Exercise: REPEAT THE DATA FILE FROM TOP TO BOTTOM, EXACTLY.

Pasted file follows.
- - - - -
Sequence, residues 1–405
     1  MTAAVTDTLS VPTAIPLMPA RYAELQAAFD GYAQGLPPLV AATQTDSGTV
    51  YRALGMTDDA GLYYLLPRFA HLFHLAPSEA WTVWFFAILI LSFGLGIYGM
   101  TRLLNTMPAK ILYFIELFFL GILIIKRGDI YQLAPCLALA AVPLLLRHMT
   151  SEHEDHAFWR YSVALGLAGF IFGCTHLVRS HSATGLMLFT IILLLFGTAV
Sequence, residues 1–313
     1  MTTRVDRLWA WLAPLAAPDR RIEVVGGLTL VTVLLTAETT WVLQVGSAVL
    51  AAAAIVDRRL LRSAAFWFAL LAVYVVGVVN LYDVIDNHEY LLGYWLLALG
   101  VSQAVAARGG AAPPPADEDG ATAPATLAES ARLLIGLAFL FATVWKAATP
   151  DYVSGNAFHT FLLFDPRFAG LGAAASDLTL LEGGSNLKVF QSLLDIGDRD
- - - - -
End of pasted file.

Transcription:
Sequence, residues 1–405
     1  MTAAVTDTLS VPTAIPLMPA RYAELQAAFD GYAQGLPPLV AATQTDSGTV
    51  YRALGMTDDA GLYYLLPRFA HLFHLAPSEA WTVWFFAILI LSFGLGIYGM
   101  TRLLNTMPAK ILYFIELFFL GILIIKRGDI YQLAPCLALA AVPLLLRHMT
   151  SEHEDHAFWR YSVALGLAGF IFGCTHLVRS HSATGLMLFT IILLLFGTAV
Sequence, residues 1–313
     1  MTTRVDRLWA WLAPLAAPDR RIEVVGGLTL VTVLLTAETT WVLQVGSAVL
    51  AAAAIVDRRL LRSAAFWFAL LAVYVVGVVN LYDVIDNHEY LLGYWLLALG
   101  VSQAVAARGG AAPPPADEDG ATAPATLAES ARLLIGLAFL FATVWKAATP
   151  DYVSGNAFHT FLLFDPRFAG LGAAASDLTL LEGGSNLKVF QSLLDIGDRD